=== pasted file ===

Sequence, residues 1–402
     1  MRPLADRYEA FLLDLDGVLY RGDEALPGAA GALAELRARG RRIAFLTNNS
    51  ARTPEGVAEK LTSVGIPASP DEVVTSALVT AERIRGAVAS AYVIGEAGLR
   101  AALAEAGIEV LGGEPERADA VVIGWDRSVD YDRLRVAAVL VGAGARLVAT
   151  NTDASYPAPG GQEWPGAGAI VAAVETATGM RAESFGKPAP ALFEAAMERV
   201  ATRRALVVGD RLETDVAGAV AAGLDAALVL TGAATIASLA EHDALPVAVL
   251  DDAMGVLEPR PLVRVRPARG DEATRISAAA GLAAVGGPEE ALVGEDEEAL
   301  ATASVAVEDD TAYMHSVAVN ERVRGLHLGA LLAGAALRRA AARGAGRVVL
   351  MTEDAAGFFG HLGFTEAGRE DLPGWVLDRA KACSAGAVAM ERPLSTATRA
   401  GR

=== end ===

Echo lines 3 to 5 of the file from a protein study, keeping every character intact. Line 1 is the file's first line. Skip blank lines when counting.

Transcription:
    51  ARTPEGVAEK LTSVGIPASP DEVVTSALVT AERIRGAVAS AYVIGEAGLR
   101  AALAEAGIEV LGGEPERADA VVIGWDRSVD YDRLRVAAVL VGAGARLVAT
   151  NTDASYPAPG GQEWPGAGAI VAAVETATGM RAESFGKPAP ALFEAAMERV